This month I published my 60th journal article. It took me 9 years to get here. A lot of rejections and lessons. And, importantly, I finally developed a writing system that could spare you from desk rejections.

I will be sharing it with you bit by bit.

I use this writing system every time. And it helps ensure that my manuscript is clear and concise. Start with the Results I learned this from my PhD supervisor. He always said, while you're waiting on the next results, you should do data analysis and visualization for the results you have. In the end, by the time I am thinking of writing a manuscript I already have figures, tables, charts, and annotations. With my data visuals in place, I create a storyboard. 

What do I mean? I pick out the visuals that show the key results, and then arrange them into a story. The results that are important but not key, I throw them into the supplementary materials. Each visual answers a research question. But my policy is a manuscript can only have 7 visuals. I always try to have at least three research questions. So, that means they can be two or three visuals answering the same question. Now that I have selected the principal results and arranged them properly to address specific research question, the next step is writing the Results section.

And this is how I do it.

1. Question - I write the question that I am interested in. This is normally a paraphrase of what I will later write in the Introduction. I use phrases like, "We investigated the effect of XYZ on the ABC." At the end of that sentence I cite the data visual that answers that Question.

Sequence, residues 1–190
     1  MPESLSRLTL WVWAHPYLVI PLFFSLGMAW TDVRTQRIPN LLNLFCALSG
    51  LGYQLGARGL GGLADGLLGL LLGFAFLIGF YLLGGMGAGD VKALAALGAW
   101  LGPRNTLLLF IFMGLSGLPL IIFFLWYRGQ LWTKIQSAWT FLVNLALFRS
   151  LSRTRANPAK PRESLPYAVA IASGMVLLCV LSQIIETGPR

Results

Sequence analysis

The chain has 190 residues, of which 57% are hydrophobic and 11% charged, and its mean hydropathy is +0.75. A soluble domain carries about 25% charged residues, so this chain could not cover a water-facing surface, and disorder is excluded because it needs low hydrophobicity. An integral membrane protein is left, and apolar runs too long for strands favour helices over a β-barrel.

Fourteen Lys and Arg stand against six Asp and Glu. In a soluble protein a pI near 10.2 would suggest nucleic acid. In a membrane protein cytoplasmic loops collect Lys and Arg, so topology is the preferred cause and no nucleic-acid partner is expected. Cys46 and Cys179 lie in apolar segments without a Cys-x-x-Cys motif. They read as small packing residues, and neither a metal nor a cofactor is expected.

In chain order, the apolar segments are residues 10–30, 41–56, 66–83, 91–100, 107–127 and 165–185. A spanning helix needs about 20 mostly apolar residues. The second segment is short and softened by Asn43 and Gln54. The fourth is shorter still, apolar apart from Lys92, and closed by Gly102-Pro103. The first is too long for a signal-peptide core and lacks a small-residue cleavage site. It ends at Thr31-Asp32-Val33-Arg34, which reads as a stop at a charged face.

2. Experimental approach - I then write the experimental approach or research method I used to answer that question. To save space, I always combine the question and experimental approach into one sentence, where possible e.g., "The effect of XYZ on ABC was determined using 123."

3. Principal results - always start with the most important results. This is the top tip I received from my postdoc supervisor. Don't repeat what's on your visuals and avoid data dumping. That's a tip I received from more than 200 peer reviewers, who have gone over my manuscripts over the years. How then do you write the principal results? Focus on trends, patterns, and sometimes outliers. But don't use superlatives to describe these - no was higher or lower etc use exact values. Don't use significant(ly) without corresponding statistical values.

4. Answer - this is the wrapping up part where you just show how your principal results answered the research question you stated in the introductory sentence. It's always smart to write your answer in a manner that connects with the question asked in the next set of results.

Repeat this for all the principal set of data visuals you have. I guess you can agree, it's possible to write the results section in one day even if you're a slow writer. More in future posts.

Edmond Sanganyado

Associate Professor

University of Northumbria, UK